Carlo Alcos ≈ Poem & Story

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SONY DSC

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What It Will Take

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What it will take
Is a resistance to the system that we’ve come to embrace
For no other reason than just because it is
For resistance is to question what we’ve been led to believe
Not necessarily lies, but stories
Stories that have become truths in the synapses of our minds
Bonds so tight that even though we recognize them we still
Can’t break free.
But recognition is where it all begins
When questions and childlike innocence form the stem that grows up and out
Piercing through convention and unimagination
Like the roots of a tree busting through concrete sidewalks and building foundations
The story has an end, like all stories do
But this story ain’t a fairytale
The princess doesn’t get the prince
The frog stays a frog
The witch eats the kids
And this is OK because coming right behind it is something new
Truth, love, honesty, connection, vulnerability
Words that have lost meaning amidst
The six o’clock news, Facebook, and pornography.
These words are on the lips of a new generation
As well as an old generation
Because wisdom has no age limitations
The awakened spirit is not exclusive to an esoteric crowd jockeying for position
They’re on the lips of teachers, doctors, and bus drivers
Construction workers, soldiers, and the unemployed
Those who get scowled at to, “Get a job, hippie!”
And, even if they don’t know it yet, they’re on the lips of
Those who do the scowling.
Because there is no “us” and “them”
Imagine:
Lakes vs. clouds
Flowers vs. mountains
The moon vs. the earth
The separation is causing annihilation
We must reconvene on the scene
Where community is the top priority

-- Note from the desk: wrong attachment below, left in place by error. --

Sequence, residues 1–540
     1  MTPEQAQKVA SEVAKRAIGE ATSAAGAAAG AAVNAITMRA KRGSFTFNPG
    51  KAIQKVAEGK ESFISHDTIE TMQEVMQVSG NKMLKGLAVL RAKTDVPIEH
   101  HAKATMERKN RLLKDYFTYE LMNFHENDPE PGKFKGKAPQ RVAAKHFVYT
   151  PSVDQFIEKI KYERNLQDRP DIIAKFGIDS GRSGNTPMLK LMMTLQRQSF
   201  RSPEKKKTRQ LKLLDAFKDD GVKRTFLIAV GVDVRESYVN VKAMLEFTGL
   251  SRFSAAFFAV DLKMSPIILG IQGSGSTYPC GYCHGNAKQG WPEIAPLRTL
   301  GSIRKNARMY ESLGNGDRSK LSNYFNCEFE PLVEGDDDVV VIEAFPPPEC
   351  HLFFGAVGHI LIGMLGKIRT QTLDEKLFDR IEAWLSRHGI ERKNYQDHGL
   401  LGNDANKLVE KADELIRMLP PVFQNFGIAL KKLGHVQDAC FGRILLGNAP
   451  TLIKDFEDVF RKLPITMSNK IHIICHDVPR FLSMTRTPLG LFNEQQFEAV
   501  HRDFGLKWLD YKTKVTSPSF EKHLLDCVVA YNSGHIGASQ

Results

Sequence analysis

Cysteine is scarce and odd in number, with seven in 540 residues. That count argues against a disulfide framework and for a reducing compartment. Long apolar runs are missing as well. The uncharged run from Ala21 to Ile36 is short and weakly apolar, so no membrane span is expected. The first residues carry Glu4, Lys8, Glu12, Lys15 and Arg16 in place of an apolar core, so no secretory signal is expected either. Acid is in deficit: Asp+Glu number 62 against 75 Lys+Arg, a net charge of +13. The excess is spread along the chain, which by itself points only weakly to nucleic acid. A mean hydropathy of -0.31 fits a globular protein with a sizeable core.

And where we stare in each others’ eyes
With understanding and compassion
And fashion for ourselves
A new reality.

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Lessons From Seat 47B

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47B. That’s me. Aisle seat. On a 17-hour flight, I made sure to take an aisle seat.
I was flying from LA to Bangkok and was seated next to a short 50-ish Indian man wearing bright
yellow Bermuda shorts. His eyes sparkled behind big gold-rimmed specs and his moustache stretched
across his face as he smiled.
We didn’t introduce ourselves but we exchanged our stories. He was a business man working in the
textiles industry in Southern India and was returning to Asia after some business meetings in Mexico
and the States. I was a travel writer (although he insisted on calling me a journalist) on my way to
Bangkok.
“There are others of me on this flight, but I’m not even sure who they are. I’ve never met them,” I
told him.
“You know, I’m a business man, but I’m very creative. I write poetry,” he said to me. Unsure what to
do with this information, I smiled, nodded politely, and said something like, “Really? That’s great,”
before pressing play on my headrest movie.